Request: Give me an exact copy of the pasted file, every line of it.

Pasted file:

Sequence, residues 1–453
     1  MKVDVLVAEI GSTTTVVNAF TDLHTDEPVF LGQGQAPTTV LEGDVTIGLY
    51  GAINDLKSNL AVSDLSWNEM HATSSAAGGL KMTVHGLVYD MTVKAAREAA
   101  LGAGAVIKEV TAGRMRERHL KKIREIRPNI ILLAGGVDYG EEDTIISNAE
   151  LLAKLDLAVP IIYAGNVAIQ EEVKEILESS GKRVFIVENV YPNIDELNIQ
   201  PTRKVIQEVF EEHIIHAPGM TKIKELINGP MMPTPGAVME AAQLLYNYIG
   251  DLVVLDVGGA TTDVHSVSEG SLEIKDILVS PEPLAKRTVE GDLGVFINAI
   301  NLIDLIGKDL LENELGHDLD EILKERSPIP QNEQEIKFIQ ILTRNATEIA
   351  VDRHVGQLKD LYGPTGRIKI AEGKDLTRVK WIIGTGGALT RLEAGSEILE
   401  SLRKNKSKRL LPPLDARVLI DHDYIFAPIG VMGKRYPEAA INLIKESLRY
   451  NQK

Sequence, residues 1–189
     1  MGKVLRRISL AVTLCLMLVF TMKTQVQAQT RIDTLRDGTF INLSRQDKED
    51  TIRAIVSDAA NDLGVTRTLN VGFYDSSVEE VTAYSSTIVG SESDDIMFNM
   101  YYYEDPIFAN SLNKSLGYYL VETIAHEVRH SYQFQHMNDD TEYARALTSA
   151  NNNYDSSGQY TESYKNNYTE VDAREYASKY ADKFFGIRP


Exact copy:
Sequence, residues 1–453
     1  MKVDVLVAEI GSTTTVVNAF TDLHTDEPVF LGQGQAPTTV LEGDVTIGLY
    51  GAINDLKSNL AVSDLSWNEM HATSSAAGGL KMTVHGLVYD MTVKAAREAA
   101  LGAGAVIKEV TAGRMRERHL KKIREIRPNI ILLAGGVDYG EEDTIISNAE
   151  LLAKLDLAVP IIYAGNVAIQ EEVKEILESS GKRVFIVENV YPNIDELNIQ
   201  PTRKVIQEVF EEHIIHAPGM TKIKELINGP MMPTPGAVME AAQLLYNYIG
   251  DLVVLDVGGA TTDVHSVSEG SLEIKDILVS PEPLAKRTVE GDLGVFINAI
   301  NLIDLIGKDL LENELGHDLD EILKERSPIP QNEQEIKFIQ ILTRNATEIA
   351  VDRHVGQLKD LYGPTGRIKI AEGKDLTRVK WIIGTGGALT RLEAGSEILE
   401  SLRKNKSKRL LPPLDARVLI DHDYIFAPIG VMGKRYPEAA INLIKESLRY
   451  NQK

Sequence, residues 1–189
     1  MGKVLRRISL AVTLCLMLVF TMKTQVQAQT RIDTLRDGTF INLSRQDKED
    51  TIRAIVSDAA NDLGVTRTLN VGFYDSSVEE VTAYSSTIVG SESDDIMFNM
   101  YYYEDPIFAN SLNKSLGYYL VETIAHEVRH SYQFQHMNDD TEYARALTSA
   151  NNNYDSSGQY TESYKNNYTE VDAREYASKY ADKFFGIRP